Dividing my British force, one platoon rushed into an initial German position, took a few hits in a close assault, fell back but charged back to overwhelm the Germans. The remainder of my force (including my engineers) moved slowly, clipped a path through barbed wire and made its way toward the concrete bunker. A brief firefight at the bunker sent the German defenders fleeing toward the canal, the engineers placed their explosives and the rest of the British made way for the bridge.

IMG_6302German troops flee their bunker as the British cut the wire and push onward

IMG_6303British engineers set charges at the bunker as German machine guns open fire across the canal

As the German bunker went up in and explosion of flame, German machine guns revealed themselves on the opposite side of the bridge. Two sniper sentries also appeared and began harassing the advancing British with fire. To clear the way, a British officer took a heroic run at one sniper, capturing the German where he sat.

IMG_6305The bunker burns, the British head over the bridge but take shots from German snipers

IMG_6304A thin line of Germans look to hold off the advancing British

IMG_6306With the Germans in retreat, the British take Pegasus Bridge

With the bunker aflame, the British marching over the Bridge and the thin German defense starting to run, the British had again made quick work of their mission. The bridge was held, but it was on to Bénouville and the inevitable German counterattack.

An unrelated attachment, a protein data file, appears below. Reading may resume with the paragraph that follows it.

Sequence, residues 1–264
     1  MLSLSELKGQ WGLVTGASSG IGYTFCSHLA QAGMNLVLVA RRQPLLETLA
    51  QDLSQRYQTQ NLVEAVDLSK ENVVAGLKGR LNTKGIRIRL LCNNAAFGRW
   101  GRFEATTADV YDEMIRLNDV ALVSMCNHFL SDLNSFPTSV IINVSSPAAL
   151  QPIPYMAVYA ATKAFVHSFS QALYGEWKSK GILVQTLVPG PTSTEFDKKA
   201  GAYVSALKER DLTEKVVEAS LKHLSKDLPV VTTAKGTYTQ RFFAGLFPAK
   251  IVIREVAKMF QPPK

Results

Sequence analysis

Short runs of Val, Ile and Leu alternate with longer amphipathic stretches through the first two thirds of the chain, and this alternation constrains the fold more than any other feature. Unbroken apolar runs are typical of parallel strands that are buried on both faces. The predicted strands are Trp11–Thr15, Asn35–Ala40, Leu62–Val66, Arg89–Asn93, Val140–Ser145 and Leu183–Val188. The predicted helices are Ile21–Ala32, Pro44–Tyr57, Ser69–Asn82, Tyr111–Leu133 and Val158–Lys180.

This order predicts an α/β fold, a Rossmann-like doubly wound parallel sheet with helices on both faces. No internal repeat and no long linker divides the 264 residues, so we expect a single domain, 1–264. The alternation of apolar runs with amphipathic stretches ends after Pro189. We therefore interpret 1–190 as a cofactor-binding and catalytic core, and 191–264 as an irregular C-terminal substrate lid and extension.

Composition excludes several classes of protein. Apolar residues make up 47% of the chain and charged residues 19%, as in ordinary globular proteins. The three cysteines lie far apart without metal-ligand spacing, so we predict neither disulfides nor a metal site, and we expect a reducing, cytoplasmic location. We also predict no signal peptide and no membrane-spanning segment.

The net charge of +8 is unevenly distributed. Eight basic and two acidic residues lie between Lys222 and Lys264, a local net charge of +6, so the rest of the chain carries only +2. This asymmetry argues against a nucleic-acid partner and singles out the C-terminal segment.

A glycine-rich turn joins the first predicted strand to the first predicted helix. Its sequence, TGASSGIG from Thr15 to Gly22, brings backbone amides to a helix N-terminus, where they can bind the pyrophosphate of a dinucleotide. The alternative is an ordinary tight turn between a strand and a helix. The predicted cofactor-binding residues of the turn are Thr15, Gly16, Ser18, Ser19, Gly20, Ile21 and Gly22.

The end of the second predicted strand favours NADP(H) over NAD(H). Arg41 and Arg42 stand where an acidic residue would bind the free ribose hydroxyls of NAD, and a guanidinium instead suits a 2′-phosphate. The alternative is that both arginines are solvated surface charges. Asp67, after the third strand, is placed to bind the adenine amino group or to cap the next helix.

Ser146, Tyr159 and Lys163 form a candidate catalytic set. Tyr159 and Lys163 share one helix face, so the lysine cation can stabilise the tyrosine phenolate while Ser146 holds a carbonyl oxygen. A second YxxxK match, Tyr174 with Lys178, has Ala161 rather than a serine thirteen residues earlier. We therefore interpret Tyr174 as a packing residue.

The Battle for Bénouville

At Bénouville British blinds moved on to the table for six turns, stalling briefly in turns four and five. Taking up occupying positions in the town, the mission was to simply hold against the coming German counterattack. As German blinds began entering the field in the woods and open areas outside the town, the initial British infantry were supported by slow-arriving reinforcements to the rear.

IMG_6307Initial set up of the scene at Bénouville from the British end of the table

IMG_6308British blinds enter and occupy the town

Attacking from a safe position within two buildings, the British over zealously abandoned their defensive mission and attacked to reveal the closing German blinds. In a close assault, the British were thrown back as reinforcing German heavy machine guns and mobile guns moved in. Taking fire from the German guns at close range, the remaining British defenders in the nearest house answered with a side-armored shot from a PIAT which left one German gun burning but the Germans still on the advance.